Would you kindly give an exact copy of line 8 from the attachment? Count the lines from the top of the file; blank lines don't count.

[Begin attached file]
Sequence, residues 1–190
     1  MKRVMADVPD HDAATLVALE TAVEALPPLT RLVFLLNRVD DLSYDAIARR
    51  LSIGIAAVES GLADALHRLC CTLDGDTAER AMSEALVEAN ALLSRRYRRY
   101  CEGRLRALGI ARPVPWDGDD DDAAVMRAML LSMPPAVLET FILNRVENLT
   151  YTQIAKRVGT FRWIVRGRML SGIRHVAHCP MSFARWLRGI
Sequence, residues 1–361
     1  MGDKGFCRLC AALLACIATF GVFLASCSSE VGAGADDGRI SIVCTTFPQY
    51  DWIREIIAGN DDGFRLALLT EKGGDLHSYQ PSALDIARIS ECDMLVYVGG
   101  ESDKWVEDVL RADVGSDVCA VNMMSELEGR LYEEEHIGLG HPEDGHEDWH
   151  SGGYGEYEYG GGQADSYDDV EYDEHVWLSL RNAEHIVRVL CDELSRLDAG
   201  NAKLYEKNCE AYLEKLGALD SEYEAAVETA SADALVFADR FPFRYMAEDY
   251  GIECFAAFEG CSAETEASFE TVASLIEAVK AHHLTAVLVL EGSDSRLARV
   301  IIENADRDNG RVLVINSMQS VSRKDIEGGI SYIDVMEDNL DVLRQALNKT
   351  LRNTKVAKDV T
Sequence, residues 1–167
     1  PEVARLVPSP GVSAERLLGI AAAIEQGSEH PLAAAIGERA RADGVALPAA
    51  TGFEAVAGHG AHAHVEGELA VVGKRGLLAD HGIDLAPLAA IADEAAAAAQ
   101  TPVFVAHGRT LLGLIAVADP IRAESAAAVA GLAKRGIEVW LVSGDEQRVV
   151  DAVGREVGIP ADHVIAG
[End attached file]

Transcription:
    51  DWIREIIAGN DDGFRLALLT EKGGDLHSYQ PSALDIARIS ECDMLVYVGG